Riders can’t choose their drivers based on ratings, McQuown says, which means higher-rated drivers don’t get any additional business. And higher-rated drivers don’t earn a premium for their superior service.
That was McQuown’s experience. He became a top-rated driver in his area, but his income didn’t increase. Interviews with other Uber drivers suggest that experience is not unusual. “I am a top-rated driver in New England,” said one driver quoted in the report. “I know because I received an email notifying me, and I receive no compensation for that.”
The team concluded that all a high-driver rating does is allow drivers to keep their jobs. If a driver rating falls below 4.6, they risk being removed from the platform.
“The rating is all stick and no carrot,” McQuown said.
And higher-rated drivers don’t receive more in tips either, the team says. There’s no option in the Uber app for riders to tip drivers through the regular Uber payment system. If a rider does want to tip, they need to do it in cash. They rarely do.
“When you’re in a cab, you’re going to tip the driver — that’s just what you do,” said Grace McCleary, a Brown sophomore who worked on the study. “But that’s not the case with Uber.”
The students’ interviews back that up. Seventy-seven percent of the drivers surveyed reported receiving no tips or tips on less than 10 percent of their rides. Only one percent reported receiving tips on more than 20 percent of rides.
The work also suggested that the Uber model limits drivers’ ability to make their own hours. When a driver accepts a ride, they don’t know where the rider is going. The trip could be a mile, or 100 miles. So a driver could be ready to end their day, when they are called for a three- or four-hour ride. A driver could turn the rider down, but they risk a poor rating. It happened to McQuown on several occasions.
“It negates this whole idea of being your own boss and setting your own hours,” he said.
All told, McQuown found his experience with Uber to be not terribly flexible or profitable. After gas and maintenance on his car — all of which drivers are responsible for paying — McQuown says he made $9.23 per hour. That’s 37 cents less than the minimum wage in Connecticut, where McQuown did much of his driving. Interviews with other drivers suggested they earned similar payouts.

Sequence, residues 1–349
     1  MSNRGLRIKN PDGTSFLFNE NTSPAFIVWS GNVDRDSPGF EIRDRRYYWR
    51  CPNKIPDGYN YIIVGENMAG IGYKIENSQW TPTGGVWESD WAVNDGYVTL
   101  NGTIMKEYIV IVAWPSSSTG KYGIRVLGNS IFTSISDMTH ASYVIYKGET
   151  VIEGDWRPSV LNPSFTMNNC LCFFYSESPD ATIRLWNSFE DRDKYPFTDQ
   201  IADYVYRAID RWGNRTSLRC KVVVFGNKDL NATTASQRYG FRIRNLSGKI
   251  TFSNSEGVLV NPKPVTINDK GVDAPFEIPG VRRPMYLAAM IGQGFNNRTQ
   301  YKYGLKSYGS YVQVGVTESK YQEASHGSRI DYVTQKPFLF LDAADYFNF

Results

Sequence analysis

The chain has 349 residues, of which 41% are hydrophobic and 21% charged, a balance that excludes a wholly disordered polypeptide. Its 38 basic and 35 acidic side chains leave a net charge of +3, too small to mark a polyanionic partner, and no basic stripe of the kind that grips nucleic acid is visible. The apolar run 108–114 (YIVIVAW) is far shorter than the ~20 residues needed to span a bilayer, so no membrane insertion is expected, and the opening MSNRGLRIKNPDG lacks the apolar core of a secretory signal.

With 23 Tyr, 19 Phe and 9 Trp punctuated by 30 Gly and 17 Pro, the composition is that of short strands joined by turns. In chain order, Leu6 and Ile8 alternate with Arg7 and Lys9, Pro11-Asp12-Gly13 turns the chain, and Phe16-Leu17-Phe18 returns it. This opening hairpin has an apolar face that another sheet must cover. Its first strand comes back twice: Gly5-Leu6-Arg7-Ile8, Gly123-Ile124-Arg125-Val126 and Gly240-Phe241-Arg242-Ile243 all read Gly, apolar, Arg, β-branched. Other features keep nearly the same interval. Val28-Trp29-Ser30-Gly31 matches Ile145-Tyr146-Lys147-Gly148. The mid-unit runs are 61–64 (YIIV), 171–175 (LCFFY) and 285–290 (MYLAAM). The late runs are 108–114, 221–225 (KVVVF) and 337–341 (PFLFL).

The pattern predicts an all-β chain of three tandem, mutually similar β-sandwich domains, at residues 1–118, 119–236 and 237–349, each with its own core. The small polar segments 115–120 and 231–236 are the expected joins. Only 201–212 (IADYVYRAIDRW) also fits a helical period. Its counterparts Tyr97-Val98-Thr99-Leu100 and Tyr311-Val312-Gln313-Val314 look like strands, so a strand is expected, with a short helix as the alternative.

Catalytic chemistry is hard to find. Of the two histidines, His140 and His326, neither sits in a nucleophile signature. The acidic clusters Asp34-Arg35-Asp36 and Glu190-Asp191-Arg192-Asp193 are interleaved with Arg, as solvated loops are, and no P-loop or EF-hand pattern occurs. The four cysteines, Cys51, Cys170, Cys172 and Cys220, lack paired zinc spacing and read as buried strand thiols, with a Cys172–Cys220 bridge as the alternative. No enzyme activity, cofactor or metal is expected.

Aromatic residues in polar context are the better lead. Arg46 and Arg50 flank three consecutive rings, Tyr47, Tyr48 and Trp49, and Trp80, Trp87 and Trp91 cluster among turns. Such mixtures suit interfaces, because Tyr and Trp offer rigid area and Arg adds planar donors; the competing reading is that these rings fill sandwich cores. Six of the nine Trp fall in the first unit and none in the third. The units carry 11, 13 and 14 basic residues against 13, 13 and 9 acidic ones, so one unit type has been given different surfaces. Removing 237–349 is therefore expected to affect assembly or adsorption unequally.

Taken together, the case suggests to McQuown and the students that Uber is simply not like other sharing economy companies. The entrepreneurial aspects are all but absent.
“The negative elements of being an entrepreneur are present,” said Brown junior Constantin Wedekind, referring to the fact that drivers have to set their budgets and pay for upkeep on their cars. “But none of the benefits are there.”
A valuable experience
For Hazeltine, who has taught entrepreneurship at Brown for decades, the most important outcome of the study was the value it had for students.
“I think they were engaged and intellectually challenged,” he said. “They were certainly very thoughtful about what they were doing.”
It was an eye-opening experience for Brown junior Anish Aitharaju.
“Going into this, I’d been using Uber for a couple of years, and it’s convenient and I’ve enjoyed using it,” he said. “But this gave me a new perspective to the corporate or business side of the company — how they operate in terms of drivers versus riders.”
John Diorio, a Brown sophomore, said he gained a new perspective as well.
“There’s the mantra that the customer is always right,” he said. “I knew about that, but I didn’t see hands-on just how much that can drive how a company treats its employees.”
That change of perspective was exactly what Hazeltine was hoping for.
“I was hoping they would learn how to do research and how to interpret what they found,” he said. “I think they did.”